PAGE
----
Neighborhood to Know Now: London’s Paddington
For most visitors, and locals too, West London’s Paddington is an area you pass through en route to the airport or city center. But that’s all changing thanks to a buzzy hotel opening that’s shining a spotlight on other gems: a seafood eatery on a barge, an indie darling cafe and Londoner-favorite rooftop bar, all within the W2 postcode. Read on for the exciting additions and local classics.
The Pilgrm Hotel
Opened in November 2017, the Pilgrm occupies four connected Victorian townhouses catty-corner to Paddington station. The 73 rooms are individually designed to fit the curves and quirks the historic buildings, with bunk, single, Queen or King beds options. The simple, spotless interior design mixes hardwoods with crisp white cottons, metal light fixtures with dove-grey walls, and there are thoughtful perks like 100% organic mattresses and all-natural toiletries, as well as zippy fast WiFi. You won’t find AC, minibars or room service (there’s a 24-hour communal pantry), but with room rates starting at $130 (£99) per night, it’s a fair trade. The best rooms have views over Norfolk Square Gardens, but all are remarkably quiet given the location. As for the name, a good old-fashioned typo on the registration documents led to the unusual spelling — an endearing hiccup for this polished but unpretentious hotel that’s leading Paddington’s revival
The Cafe & Lounge at the Pilgrm Hotel
Non-guests should make a stop at the Pilgrm’s street-level cafe, which serves as both check-in desk and local hangout. Open from 7 a.m. to 4 p.m., there are cultish Crosstown doughnuts (our pick: hand-rolled chocolate sourdough with sea salt and banana) , organic coffee by CRUKafe, Zig Zag teas, and organic cold pressed juices. Order to stay, grab a magazine from the well-curated rack and watch London go by from the streetside leather banquette. For a full meal, the upstairs Lounge is a low-key hangout for serious eats courtesy of Nobu-alum Sara Lewis. Menus change weekly, with an emphasis on British produce from the charcuterie platter to the gin cocktails. Know that the petite space (all velvet banquettes and low tables) fills up quickly with the power breakfast and after-work crowds, so go early or book a table in advance.
London Shell Co.
Make it seafood and sightseeing with the London Shell Co. aboard their retrofitted barge, the Prince Regent. Docked in Paddington Central, the brother-and-sister run restaurant offers both “static” a la carte lunches and five-course dinners and weekend lunches (from $60/£45 per person) while cruising along the Regent’s Canal. Don’t miss photo ops of the Maida Hill tunnel, the London Zoo and leafy Regent’s Park between courses. Expect a celebration of British seafood, from Cornish trout tartar to Carlingford Lough rock oysters, in the hands of former Mark Hix chef, Stuart Kilpatrick, plus expert English and French wine pairings from co-owner Harry Lobek.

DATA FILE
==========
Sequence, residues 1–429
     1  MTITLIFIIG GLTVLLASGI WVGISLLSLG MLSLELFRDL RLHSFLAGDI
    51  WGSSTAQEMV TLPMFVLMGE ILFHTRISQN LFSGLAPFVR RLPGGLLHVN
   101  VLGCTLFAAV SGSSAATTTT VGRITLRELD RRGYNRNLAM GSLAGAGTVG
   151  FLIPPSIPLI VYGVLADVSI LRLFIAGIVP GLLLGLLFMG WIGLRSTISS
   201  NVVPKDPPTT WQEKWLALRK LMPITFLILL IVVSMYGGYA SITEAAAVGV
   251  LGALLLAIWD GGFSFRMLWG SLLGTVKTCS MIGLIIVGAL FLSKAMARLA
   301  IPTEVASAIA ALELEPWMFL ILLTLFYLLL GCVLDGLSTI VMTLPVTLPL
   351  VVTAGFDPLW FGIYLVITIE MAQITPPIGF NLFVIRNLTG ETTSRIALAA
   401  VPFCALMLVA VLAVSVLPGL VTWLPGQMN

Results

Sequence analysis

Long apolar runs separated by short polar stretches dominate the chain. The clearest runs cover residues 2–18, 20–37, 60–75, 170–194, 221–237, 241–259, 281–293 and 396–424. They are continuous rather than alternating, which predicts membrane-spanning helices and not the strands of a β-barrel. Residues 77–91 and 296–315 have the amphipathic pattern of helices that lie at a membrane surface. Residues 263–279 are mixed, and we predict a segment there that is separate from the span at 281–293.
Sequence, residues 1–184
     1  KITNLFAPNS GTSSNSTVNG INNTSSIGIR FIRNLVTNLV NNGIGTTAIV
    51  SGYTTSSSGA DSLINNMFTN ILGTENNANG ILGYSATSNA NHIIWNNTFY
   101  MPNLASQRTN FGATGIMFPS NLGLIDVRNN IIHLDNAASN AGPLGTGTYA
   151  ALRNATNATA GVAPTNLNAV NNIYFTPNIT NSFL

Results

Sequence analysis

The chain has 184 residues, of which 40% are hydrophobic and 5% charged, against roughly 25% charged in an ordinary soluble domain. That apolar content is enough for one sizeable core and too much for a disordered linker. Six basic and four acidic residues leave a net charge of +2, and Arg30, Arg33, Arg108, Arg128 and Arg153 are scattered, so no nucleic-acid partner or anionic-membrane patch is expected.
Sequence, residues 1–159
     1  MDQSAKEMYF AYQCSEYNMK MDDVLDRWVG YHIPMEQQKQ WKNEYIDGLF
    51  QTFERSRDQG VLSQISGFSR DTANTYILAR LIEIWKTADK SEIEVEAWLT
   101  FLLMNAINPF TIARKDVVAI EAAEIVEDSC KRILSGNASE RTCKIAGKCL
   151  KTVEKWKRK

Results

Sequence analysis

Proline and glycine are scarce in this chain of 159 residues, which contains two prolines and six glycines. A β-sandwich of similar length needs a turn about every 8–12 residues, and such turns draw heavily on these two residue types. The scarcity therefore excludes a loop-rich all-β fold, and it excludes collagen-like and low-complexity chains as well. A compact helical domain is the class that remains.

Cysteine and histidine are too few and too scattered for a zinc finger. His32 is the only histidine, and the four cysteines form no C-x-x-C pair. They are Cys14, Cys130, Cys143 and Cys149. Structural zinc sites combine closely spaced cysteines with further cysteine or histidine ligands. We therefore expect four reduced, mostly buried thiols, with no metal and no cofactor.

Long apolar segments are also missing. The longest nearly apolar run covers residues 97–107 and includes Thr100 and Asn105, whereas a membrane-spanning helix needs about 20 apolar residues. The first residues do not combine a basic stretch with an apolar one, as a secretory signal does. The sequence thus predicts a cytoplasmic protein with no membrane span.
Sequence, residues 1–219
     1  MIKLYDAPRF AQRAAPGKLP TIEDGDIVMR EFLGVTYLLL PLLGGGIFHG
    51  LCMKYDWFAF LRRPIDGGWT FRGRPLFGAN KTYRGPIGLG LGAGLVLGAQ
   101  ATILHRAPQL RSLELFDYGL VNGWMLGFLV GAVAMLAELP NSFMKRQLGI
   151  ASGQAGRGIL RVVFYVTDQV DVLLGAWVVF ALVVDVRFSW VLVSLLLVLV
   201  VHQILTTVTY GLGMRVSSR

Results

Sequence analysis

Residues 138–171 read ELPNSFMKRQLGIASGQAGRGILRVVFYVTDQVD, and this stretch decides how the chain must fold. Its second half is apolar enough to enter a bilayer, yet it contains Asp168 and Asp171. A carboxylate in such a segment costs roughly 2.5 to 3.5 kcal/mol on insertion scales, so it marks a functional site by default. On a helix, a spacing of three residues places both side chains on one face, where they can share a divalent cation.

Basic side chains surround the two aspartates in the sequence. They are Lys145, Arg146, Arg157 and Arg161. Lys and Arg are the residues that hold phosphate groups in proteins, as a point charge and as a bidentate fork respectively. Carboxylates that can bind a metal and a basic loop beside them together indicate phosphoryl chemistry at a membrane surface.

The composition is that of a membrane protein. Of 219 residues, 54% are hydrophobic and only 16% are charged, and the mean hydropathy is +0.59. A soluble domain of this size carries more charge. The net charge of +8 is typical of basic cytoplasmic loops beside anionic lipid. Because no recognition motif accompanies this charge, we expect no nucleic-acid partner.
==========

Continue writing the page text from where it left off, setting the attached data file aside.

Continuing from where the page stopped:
Back for its second season, Pergola Paddington is a sprawling split-level rooftop bar complex housing five restaurants, two bars, seven daybeds and seating for 850. A cozy nook this ain’t, but for group outings on a sunny day, Pergola puts on one of the best summer shows in the city. Get in line for Mexican fare at DF/Mexico, burgers from Patty & Bun, inventive duck dishes at Canard, and Vietnamese barbecue from MAM, then claim a space on one of the long picnic tables under a vine-laced pergola. Open until 11 p.m. from Wednesday - Saturday until October, this isn’t the spot to party until the wee hours, but to join local Londoners in early afternoon drinks on a blue-sky day.
The magazine shop and cafe of our dreams, Kioskafé is the creation of the printed matter–loving folks at Monocle, designed as a traditional newsstand, with daily and international magazines and newspapers, plus good coffee, drinks, and bites. There are also travel essentials like toothpaste, hair wax and Swiss-made underwear. The 150 magazines come from across the globe, most in English, but with native Japanese, Icelandic and French titles too, while the print-on-demand newspaper facilities give readers access to almost 2,500 publications from Albania to Zimbabwe. All can be ordered in advance, or printed while you wait — ideally with an Allpress coffee, sandwich or glass of prosecco in hand. There are a collection of low stools inside, plus a row of street-side tables under the distinctive black-and-white awning on Norfolk Place.
These by-the-hour boat rentals were the hit of last summer, with electric-powered vessels made from 80% recycled plastic available for one- to eight-hour cruises along London’s canals. Set off from the Merchant’s Square (save time here to check out the shops, water fountain shows, and architect Thomas Heatherwick’s rolling bridge), and pootle along the Paddington Basin passed the grand Victorian homes in Little Venice, the canalside Rembrandt Gardens, Eyre’s Tunnel and more. Available for groups of up to eight, prices start at $80 (£59) per hour.
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